Victorian Man Passes Away due to Japanese Encephalitis Virus

By Hari Yellina
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In Australia, nine human cases of the mosquito-borne virus have been verified, including six in Victoria, one in Queensland, and two in New South Wales. On 28 February, a man in his 60s from northern Victoria died of the virus, and autopsy results revealed JEV as the cause on Tuesday. The Australian government’s health department is looking into dozens of suspected cases around the country, with South Australian authorities suspecting four in particular. Minister for Health Martin Foley said the state’s health officials were working with Agriculture Victoria to determine who should be vaccinated first, including pig farm workers. “There is a vaccine available,” he told reporters on Wednesday, “and we’re working with local public health units to prioritise its implementation.”

“We’re concerned since this virus has never been seen in Victoria.” To promote the provision of vaccination doses to at-risk demographic groups, the federal government is acting extensively with all states and territories. People who deal with pigs, such as transport workers, veterinarians, and those who cull or shoot pigs, should get vaccinated. Following torrential rain and disastrous floods in NSW and Queensland, Mr Foley claimed the virus was spreading due to climate change. He explained, “Clearly, with so much climate change-induced weather pattern change, we’re now seeing it migrate across all of the states.”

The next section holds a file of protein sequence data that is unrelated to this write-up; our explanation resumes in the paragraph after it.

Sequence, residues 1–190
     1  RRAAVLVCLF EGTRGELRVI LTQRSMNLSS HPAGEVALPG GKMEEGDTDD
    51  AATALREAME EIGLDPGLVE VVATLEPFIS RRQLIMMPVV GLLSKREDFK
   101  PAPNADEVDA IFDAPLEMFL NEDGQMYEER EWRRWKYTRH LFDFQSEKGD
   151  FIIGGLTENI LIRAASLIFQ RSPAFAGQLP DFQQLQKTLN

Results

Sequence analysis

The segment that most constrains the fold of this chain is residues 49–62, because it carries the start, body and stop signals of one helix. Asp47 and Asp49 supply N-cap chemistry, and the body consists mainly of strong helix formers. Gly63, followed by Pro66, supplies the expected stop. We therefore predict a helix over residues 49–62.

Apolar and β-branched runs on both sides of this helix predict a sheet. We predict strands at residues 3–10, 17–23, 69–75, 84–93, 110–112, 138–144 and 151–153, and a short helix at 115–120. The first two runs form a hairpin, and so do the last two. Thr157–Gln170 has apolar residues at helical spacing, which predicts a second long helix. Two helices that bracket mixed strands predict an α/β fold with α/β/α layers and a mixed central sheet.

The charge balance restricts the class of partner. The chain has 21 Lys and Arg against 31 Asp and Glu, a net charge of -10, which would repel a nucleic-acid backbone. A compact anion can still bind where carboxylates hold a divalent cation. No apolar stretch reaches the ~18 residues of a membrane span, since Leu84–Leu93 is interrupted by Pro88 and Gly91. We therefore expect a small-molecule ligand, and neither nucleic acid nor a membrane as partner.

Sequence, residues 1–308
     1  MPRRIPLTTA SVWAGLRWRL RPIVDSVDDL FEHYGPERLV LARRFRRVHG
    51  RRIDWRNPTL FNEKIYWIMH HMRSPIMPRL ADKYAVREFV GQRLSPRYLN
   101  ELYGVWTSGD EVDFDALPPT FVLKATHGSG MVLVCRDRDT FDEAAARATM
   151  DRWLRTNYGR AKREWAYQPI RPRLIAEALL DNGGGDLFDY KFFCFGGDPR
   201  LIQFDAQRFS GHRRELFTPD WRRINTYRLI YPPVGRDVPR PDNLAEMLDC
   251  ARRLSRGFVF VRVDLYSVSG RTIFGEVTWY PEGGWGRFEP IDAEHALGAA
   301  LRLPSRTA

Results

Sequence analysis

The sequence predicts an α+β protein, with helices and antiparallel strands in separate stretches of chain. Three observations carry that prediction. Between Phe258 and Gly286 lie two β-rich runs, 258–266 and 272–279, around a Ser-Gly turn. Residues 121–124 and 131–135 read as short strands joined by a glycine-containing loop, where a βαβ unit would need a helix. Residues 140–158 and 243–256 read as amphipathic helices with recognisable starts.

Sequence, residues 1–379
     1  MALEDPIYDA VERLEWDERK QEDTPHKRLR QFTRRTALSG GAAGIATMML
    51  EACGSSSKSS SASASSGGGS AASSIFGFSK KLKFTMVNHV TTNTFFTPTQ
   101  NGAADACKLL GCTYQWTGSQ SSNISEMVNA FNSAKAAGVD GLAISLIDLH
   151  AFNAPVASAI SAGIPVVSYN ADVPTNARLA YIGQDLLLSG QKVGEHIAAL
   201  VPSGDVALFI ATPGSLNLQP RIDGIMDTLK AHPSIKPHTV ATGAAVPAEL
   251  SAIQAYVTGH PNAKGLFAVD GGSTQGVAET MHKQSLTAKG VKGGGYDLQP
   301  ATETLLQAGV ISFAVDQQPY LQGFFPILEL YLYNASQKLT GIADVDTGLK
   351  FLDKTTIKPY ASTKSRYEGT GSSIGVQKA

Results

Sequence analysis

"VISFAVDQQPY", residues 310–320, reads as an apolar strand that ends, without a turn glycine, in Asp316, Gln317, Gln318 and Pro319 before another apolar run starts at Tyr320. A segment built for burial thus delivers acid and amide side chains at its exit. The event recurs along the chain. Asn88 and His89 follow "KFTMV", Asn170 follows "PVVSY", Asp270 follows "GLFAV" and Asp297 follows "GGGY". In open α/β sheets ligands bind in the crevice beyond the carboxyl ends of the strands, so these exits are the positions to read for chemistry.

While only approximately 1% of cases show symptoms and only a small percentage of them show severe symptoms that necessitate hospitalisation, it is nevertheless a horrible disease. The disease had spread to 20 piggeries across the country, Agriculture Minister David Littleproud told ABC News on Wednesday. JEV is transferred to humans by mosquito bites and cannot be passed from person to person or through the consumption of pig products. The most vulnerable to serious sickness are children under the age of five and the elderly. Anyone experiencing severe symptoms such as nausea, headaches, light sensitivity, or fever should seek medical help immediately.

All people, especially those who live in mosquito-infested areas, are recommended to use insect repellent and cover up exposed skin to avoid getting bitten by mosquitoes. JEV has been found in humans for more than two decades. In 1995, an outbreak occurred in Australia’s tropical north. The disease has been deemed a nationally serious communicable disease occurrence by Australia’s chief medical officer, prompting additional resources for states and territories.


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